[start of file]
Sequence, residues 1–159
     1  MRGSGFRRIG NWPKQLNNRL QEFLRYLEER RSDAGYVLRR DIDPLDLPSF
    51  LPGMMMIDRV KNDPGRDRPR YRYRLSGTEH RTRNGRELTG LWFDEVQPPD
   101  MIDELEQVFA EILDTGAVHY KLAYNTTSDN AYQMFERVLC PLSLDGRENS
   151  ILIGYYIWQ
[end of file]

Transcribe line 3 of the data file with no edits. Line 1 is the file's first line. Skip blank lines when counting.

    51  LPGMMMIDRV KNDPGRDRPR YRYRLSGTEH RTRNGRELTG LWFDEVQPPD